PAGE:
5 Ways to Save while Cruising

by Kay Lynn

Cruising is one of my favorite vacations because it is usually a great value compared to land vacations.  Mr. Boomer and I have sailed over a dozen times on five different lines.  Although we have our favorite, we’ve found at least five ways to save even more.

1. Free Drinks.  Many first time cruisers are disappointed that alcoholic beverages are not included in the cruise fare.  In addition to alcohol, soda (known as pop in some parts of the country) is also not free.  The “free” drinks are typically lemonade, tea (hot and cold), coffee, milk and juice.

However, there are opportunities for free alcoholic beverages during the cruise.  Each cruise will have an hour or two of free liquor tasting in the gift shop.  This is to encourage you to buy duty-free alcohol to take home.  I find it a great way to try new beverages but it’s a little hard for me to drink it without mixers.

The Captain’s party (aka welcome aboard party) is an hour or so reception that is a cocktail party with the captain and 1000 or more of his friends or other passengers.  This is a great opportunity to have mixed drinks for about an hour.  If you’re good at flagging down the waiter, you can easily get “happy” during the hour.

Another event similar to the captain’s party is the past guest event.  It is a cocktail hour for guests that have previously sailed on the cruise line and usually includes a drawing for prizes in addition to the free drinks.  As with the previous cocktail hour, you can get “happy” easily during this event.

Other opportunities that may exist include a honeymooner/anniversary cake and champagne event , art auction with free champagne and a brief casino time the first evening.

2. Shore Excursions.  Cruise lines offer tours or specific attractions at each port that are given by local companies.  They don’t do this out of the goodness of their corporate hearts.  This is a big profit center for them as they rake in 25-50% of each ticket price.  Instead of giving a cut to the cruise line for what is often a lesser experience, we prefer to arrange our own shore excursions.

In Key West last week the hop-on/off trolley tour my group took cost $26 per person.  The one hour, no-stop excursion through the cruise ship was $36 per person.  When we do take the excursion through the ship it is for one of three reasons: we do not feel secure going solo (such as in Cartagena), unique tour only offered through ship or time constraints.  Experienced cruisers will plan their own in most ports saving a lot of money.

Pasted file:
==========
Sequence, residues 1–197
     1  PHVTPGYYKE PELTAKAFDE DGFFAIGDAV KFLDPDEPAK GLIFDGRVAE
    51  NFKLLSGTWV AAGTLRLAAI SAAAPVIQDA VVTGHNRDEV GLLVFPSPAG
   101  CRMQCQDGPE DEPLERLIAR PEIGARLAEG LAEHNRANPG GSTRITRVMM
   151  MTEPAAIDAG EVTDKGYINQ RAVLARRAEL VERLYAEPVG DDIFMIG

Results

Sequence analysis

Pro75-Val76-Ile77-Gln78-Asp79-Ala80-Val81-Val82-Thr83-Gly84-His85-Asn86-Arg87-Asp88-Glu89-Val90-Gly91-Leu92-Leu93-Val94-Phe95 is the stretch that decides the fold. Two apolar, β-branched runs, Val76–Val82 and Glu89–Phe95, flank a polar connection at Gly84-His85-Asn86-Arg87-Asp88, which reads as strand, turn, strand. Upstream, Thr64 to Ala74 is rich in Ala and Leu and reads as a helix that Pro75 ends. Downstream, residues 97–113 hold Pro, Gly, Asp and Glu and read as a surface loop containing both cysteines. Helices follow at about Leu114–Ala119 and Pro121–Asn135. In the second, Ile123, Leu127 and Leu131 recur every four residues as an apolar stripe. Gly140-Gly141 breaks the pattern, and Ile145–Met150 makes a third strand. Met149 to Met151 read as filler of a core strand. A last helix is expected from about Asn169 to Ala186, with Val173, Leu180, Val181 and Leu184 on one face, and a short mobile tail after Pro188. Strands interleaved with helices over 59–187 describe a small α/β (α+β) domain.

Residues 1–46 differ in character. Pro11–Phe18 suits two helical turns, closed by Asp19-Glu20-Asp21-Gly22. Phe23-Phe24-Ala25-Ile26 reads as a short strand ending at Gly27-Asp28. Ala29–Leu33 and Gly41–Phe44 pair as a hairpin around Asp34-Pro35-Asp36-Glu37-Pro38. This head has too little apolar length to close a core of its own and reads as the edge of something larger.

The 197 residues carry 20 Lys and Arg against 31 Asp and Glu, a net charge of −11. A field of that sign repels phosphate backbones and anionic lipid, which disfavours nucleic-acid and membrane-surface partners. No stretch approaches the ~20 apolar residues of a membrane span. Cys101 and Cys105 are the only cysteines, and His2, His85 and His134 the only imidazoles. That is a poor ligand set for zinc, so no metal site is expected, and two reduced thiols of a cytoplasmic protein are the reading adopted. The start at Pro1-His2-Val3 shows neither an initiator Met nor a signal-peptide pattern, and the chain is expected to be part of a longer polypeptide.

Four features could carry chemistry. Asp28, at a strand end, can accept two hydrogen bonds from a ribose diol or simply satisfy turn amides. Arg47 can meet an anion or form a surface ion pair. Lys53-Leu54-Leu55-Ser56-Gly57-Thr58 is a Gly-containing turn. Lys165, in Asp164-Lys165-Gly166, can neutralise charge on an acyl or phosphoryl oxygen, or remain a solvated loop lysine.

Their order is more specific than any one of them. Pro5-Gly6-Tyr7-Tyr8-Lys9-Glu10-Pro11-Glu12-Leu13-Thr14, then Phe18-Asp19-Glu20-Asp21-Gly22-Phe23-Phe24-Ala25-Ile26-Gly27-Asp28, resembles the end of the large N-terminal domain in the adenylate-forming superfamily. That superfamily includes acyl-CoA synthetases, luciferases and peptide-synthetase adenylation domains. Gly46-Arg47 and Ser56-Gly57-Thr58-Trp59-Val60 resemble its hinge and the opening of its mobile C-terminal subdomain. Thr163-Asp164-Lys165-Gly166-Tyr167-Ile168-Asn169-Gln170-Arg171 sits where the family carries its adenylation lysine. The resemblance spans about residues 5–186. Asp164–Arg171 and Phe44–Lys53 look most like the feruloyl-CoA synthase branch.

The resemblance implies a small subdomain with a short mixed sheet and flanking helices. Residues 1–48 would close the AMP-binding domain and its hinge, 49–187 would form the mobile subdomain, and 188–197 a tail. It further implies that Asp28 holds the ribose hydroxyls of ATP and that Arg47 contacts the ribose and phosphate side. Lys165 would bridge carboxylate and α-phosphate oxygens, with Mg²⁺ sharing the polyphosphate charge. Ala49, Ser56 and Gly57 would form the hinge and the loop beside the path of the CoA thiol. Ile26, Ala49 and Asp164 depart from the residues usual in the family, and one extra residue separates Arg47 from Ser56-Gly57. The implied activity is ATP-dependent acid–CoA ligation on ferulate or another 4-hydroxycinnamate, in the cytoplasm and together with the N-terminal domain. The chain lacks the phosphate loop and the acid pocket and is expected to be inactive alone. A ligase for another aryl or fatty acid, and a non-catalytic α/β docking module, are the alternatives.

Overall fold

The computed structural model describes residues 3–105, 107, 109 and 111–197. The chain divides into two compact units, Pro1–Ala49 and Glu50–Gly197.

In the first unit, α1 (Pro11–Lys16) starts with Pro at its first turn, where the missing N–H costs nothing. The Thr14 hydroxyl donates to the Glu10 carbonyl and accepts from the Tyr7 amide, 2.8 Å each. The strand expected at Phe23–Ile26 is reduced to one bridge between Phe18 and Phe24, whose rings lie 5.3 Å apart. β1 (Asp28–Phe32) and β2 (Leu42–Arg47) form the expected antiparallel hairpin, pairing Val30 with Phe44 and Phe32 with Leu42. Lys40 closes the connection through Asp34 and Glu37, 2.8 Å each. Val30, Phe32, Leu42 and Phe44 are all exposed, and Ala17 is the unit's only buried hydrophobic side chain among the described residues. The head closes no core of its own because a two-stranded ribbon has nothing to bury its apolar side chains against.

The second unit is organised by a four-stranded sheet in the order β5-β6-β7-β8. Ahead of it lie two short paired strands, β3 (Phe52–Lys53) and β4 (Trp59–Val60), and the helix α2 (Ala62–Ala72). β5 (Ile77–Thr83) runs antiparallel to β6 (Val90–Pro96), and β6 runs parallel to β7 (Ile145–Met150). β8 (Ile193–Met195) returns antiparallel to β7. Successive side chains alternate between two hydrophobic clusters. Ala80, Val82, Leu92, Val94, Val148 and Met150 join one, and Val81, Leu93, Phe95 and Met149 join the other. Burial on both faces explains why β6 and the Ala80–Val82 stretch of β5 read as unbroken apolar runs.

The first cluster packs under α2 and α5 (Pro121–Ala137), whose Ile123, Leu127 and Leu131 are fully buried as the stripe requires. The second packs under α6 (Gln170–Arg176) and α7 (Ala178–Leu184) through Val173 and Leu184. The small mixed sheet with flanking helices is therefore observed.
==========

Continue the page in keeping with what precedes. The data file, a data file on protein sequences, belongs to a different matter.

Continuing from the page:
3. Selective Booking.  If your travel dates are flexible, select your cruise by the deal versus the time of year.  Mr. Boomer and I have been on several repositioning cruises using this strategy.  Cruise lines need to move their ships from and to seasonal sailing areas (Alaska, Bermuda and Europe).  Since these are one-way cruises they are more difficult to fill so they are offered at lower rates.  This makes it easy to drop your daily rate to $50 or less per day per person (assuming you go with the cheapest cabin like I do).

4. Free Activities.Cruise lines offer lots of activities on-board which you can take advantage of or just relax.  They are also increasingly offering activities with a charge such as behind-the-scene tours, drink tastings and pilates/yoga classes.  There are so many things to do we just take advantage of the free activities including movies, games and lectures instead of spending money.

5. Don’t Gamble.  I know that some people really enjoy gambling, but I just don’t.  If you’re going to gamble, give yourself a daily allowance and stick to it.  Cruise ship slots are not loose, so you’re really there for the entertainment value.

If you haven’t taken a cruise, I encourage you research it as an option.  When I compare the cost of 3 meals a day and hotel the cruise ship typically wins out.  These tips will help you make the most of your vacation dollar.  Are you ready to cruise?

Photo by Bucksome Boomer

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Shelly June 3, 2010 at 7:55 am

We have been on one cruise and are looking to take an Alaskan cruise next summer. The cheapest cruises seem to be the ones that begin in one city (Vancouver or Anchorage and end in the other). What is the best way to get the cheapest airfare? Also, our last cruise we stayed in an inside cabin. I didn’t really like not having any windows. For Alaska is it worth getting a balcony or would a window cabin be sufficient?

Bucksome June 3, 2010 at 12:32 pm

Shelly, we’re fine with an inside. Having said that, Alaska is a destination where I think the extra expense of a balcony is worth the money. You’ll want to sit on your balcony viewing the beautiful scenery.

We’ve taken several repositioning cruises (those that start in one city and end in another) and haven’t found airfare to be anymore expensive than a regular round trip ticket. Just choose the “Multiple Cities” option when pricing the ticket online. Southwest is a good option if possible since they price tickets by each way anyway.

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